Mayor Bill LaFortune afoul of ethics rules
Last Tuesday, December 27, Councilor Jim Mautino notified City Clerk Mike Kier that Mayor Bill LaFortune appears to be in violation of the city's ethics ordinance, because he is a member of the board of the Tulsa Metro Chamber, which is a contractor to the City of Tulsa. While a member of the Chamber board, LaFortune has approved and signed contracts on behalf of the City with the Chamber.
Two days after Mautino's letter, City Auditor Phil Wood sought City Attorney Alan Jackere whether a violation of the Ethics Code has occurred. Wood points out that LaFortune, as a board member of the Tulsa Metro Chamber, "appears to have an Organizational interest," which is defined by section 601 of the ethics ordinance as existing when "a City official is a director or member of a board which establishes policy and/or budgetary decisions for the entity." Wood goes on to cite section 603, which states that "no City official shall participate in any City business in which they have an organizational interest." Wood then cites an contract renewal between the City and the Chamber, worth $1,901,000, which the Mayor approved on August 29, 2005, saying, "This appears to be City business in which he has an organizational interest." (The City Auditor is designated by the ordinance to handle ethics complaints regarding the Mayor.)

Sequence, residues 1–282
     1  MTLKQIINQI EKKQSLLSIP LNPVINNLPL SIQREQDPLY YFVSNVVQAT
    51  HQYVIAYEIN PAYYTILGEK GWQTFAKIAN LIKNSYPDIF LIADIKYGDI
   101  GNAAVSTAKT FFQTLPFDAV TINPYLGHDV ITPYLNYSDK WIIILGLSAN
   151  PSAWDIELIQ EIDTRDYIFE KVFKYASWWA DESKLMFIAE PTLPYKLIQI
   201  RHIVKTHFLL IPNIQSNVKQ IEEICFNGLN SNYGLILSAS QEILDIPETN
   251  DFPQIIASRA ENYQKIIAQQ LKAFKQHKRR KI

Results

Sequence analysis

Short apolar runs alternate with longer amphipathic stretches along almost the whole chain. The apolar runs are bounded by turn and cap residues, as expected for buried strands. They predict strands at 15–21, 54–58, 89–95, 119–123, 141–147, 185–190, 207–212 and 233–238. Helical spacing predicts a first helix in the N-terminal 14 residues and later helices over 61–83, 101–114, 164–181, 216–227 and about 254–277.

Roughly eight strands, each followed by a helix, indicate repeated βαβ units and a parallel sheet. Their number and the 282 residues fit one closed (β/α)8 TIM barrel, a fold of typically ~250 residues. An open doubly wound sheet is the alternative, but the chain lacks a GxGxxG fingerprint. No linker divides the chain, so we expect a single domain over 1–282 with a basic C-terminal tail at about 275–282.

The following day, December 30, the Mayor's Office issued a press release requesting a "clarification" of the ethics ordinance. In the release, the Mayor's membership on the board of the Tulsa Metro Chamber is compared to his membership on the Tulsa Metropolitan Utility Authority, the Tulsa Airport Authority, and the Indian Nations Council of Governments. The difference is that the Chamber is a private organization with its own interests, while the two authorities are public trusts established to own property and enter into multi-year contracts for the benefit of the City of Tulsa. By law, the Mayor is an ex officio member of the two authorities and appoints the other members, subject to Council approval. INCOG is a "voluntary association of local governments," established by agreement of the governments involved. The City of Tulsa is a member of INCOG.
The Tulsa Metro Chamber and its defenders seem to think of the Chamber as an official branch of City Government, but it is a private organization, established to serve the interests of its members, which sometimes may coincide with the best interests of Tulsa's city government, but sometimes may not. That's why it's a conflict of interest for an official approving City contracts for the Chamber to also sit on the Chamber's board. It's revealing that this press release issued on LaFortune's behalf doesn't distinguish between governmental agencies and the Chamber.
Below are links to PDF files of the relevant documents, each about 30 KB in size:
- Councilor Jim Mautino's letter to Kier regarding LaFortune's apparent ethics violation
- Auditor Phil Wood's letter to City Attorney Alan Jackere
- Press release from Mayor Bill LaFortune's office
Councilor Mautino asked the City Clerk's office for a copy of Bill LaFortune's ethics disclosure statement, which is required by the ordinance. Mautino was told that LaFortune had not filed such a statement. Mautino has asked for a letter from the City Clerk confirming that fact, and he was told it would be forthcoming.
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